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Former vice president dies aged 93 (update)

2017/03/08 19:04:53

Taipei, March 8 (CNA) Lee Yuan-tsu (李元簇), who served as vice president under Lee Teng-hui (李登輝, no relation), died at the age of 93 at his home in Miaoli County on Wednesday following a long battle with kidney disease.

Lee had not eaten for more than 10 days prior to his death, surviving only on nutrient supplements, Chen Chin-ting (陳進丁), a close family friend and former house steward, told CNA that day.

Lee passed away peacefully at 4:15 a.m., with his family by his side, said Chen, leader of the Coast Guard Administration's Taoyuan Reconnaissance Brigade.

Lee, a member of the Kuomintang (KMT), was the eighth vice president of the Republic of China from 1990 to 1996.

He previously served as a judge, president of National Chengchi University, education minister, justice minister and secretary-general to the president.

After retiring in 1996, the politician, who was born in China's Hunan Province, settled in Miaoli County's Toufen City, where he led a low-key life away from the public spotlight.

On Wednesday, politicians from across party lines praised Lee for his contributions and character.

In a statement, Legislative Speaker Su Jia-chyuan (蘇嘉全) touted Lee's extensive knowledge in the legal field and said the former vice president had assisted then-President Lee Teng-hui in pushing for constitutional reform and laying the foundation for Taiwan's democratization.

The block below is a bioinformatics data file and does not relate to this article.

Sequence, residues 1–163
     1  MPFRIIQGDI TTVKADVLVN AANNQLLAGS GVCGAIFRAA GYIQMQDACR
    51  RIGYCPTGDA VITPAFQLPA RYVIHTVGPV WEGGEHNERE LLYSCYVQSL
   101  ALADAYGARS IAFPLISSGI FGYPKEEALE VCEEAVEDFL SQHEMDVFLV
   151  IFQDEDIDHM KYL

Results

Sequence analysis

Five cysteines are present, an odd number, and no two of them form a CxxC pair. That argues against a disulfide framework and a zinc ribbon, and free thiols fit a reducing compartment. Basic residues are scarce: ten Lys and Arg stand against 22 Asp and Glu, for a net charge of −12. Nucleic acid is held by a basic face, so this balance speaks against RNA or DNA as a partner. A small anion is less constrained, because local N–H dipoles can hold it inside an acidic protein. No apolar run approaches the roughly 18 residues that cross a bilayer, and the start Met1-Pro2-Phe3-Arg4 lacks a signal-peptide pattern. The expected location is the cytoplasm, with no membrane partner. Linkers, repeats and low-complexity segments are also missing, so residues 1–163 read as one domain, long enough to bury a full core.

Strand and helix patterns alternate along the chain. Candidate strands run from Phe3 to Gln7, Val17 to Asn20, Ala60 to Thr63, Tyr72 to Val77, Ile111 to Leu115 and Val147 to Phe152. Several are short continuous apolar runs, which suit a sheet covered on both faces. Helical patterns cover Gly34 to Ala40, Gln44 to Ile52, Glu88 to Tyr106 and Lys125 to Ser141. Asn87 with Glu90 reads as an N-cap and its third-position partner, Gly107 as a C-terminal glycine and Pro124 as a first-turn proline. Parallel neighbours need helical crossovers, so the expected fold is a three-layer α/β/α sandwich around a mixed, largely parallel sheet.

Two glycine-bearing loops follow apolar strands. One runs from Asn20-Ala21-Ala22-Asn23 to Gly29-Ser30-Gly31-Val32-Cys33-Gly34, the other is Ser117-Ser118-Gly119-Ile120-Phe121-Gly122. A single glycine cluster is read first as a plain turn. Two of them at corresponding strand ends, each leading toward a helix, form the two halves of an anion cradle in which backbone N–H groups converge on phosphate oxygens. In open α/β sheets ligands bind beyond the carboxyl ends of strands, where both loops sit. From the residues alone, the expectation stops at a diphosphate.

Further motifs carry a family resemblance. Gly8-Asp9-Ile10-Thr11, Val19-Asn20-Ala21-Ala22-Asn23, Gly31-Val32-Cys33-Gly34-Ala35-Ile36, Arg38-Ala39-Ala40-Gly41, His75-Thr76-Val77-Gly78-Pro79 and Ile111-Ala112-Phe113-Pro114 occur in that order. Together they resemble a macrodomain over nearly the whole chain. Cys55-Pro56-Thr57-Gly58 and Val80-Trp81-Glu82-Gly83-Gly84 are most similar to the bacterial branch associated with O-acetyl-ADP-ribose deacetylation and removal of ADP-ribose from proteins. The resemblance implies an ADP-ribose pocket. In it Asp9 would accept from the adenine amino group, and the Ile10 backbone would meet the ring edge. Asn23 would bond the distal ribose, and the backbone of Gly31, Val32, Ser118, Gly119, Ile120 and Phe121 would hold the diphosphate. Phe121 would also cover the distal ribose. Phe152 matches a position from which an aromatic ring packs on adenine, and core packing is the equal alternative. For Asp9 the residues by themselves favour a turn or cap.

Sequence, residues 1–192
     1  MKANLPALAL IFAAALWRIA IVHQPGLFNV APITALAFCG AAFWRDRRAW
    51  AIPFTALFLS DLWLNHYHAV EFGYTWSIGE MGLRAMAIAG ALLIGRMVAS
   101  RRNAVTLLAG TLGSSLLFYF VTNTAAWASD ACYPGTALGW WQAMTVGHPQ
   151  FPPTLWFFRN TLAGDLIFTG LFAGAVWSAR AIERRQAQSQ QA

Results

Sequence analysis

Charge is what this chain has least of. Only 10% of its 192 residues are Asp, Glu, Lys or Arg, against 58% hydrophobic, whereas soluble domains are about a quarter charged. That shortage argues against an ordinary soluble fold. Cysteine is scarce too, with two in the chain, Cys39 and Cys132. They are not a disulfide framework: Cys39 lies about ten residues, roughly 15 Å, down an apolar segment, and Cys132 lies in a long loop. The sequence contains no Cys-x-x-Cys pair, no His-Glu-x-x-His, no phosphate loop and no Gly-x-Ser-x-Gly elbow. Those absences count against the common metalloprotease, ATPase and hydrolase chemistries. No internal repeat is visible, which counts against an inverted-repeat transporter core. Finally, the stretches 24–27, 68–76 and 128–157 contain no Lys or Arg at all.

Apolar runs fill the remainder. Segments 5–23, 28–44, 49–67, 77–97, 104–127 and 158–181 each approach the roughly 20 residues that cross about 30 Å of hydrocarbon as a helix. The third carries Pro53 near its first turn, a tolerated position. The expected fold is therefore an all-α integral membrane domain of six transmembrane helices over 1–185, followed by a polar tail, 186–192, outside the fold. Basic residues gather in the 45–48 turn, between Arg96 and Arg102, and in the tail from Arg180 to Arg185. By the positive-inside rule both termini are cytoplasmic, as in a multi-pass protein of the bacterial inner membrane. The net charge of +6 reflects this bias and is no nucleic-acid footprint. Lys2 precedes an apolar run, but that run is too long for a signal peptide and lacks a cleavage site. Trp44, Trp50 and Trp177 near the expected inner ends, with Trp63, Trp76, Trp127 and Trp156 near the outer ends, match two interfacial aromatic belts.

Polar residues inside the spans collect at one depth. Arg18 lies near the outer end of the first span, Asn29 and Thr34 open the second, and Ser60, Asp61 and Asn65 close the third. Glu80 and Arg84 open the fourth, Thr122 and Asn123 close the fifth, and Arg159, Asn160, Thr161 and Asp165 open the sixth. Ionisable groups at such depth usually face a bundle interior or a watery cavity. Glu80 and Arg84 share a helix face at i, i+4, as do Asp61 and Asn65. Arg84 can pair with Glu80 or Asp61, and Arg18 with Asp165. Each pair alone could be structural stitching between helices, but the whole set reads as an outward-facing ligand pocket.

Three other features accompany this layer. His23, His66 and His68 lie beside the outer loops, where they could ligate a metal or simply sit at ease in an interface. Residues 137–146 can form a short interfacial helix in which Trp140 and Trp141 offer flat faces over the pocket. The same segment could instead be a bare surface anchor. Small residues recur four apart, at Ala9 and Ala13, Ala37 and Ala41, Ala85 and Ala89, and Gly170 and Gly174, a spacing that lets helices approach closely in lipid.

Hu Wen-chi (胡文琦), deputy chair of the KMT's Culture and Communications Committee, expressed his party's condolences to Lee's family, while the ruling Democratic Progressive Party (DPP) praised Lee for his "authentic and noble character" and for his thrift and simple lifestyle after retirement.

"Lee Yuan-tsu was the most voiceless vice president of the ROC in the past 30 years, but he was the one who made the greatest contributions," said People First Party Chairman (PFP) James Soong (宋楚瑜), who had worked alongside Lee.

For example, Lee was an important force behind the amendment of the Constitution in 1991, Soong noted.

President Tsai Ing-wen (蔡英文) and Lee Teng-hui also expressed their condolences to Lee's family and said they have instructed relevant government agencies and the Lee Teng-hui Foundation to assist the family in funeral arrangements, according to officials.

Lee's ascension to the vice presidency was closely related to power struggles within the KMT following the death of former President Chiang Ching-kuo (蔣經國) in 1988.

After Chiang's death, Lee Teng-hui, who was seen as representing the party's mainstream in support of reform, sought to find a vice president who was outside the power circle, had a low profile and had no ambitions to run for the presidency.

Lee Yuan-tsu, who was often dubbed "the vice president without a voice," was said to have been chosen for the position because he matched the necessary criteria and because his background in law meant that he could be a force in pushing for constitutional and legal reforms at the time.

Lee maintained a low profile during his term as vice president, but he wasn't always the silent type.

When he served as education minister from 1977-1978 and justice minister from 1978-1984, Lee was known as being bold, sharp-tongued and authoritative.

(By Kuan Jui-ping, Wang Cheng-chung and Christie Chen)
ENDITEM/ AW/J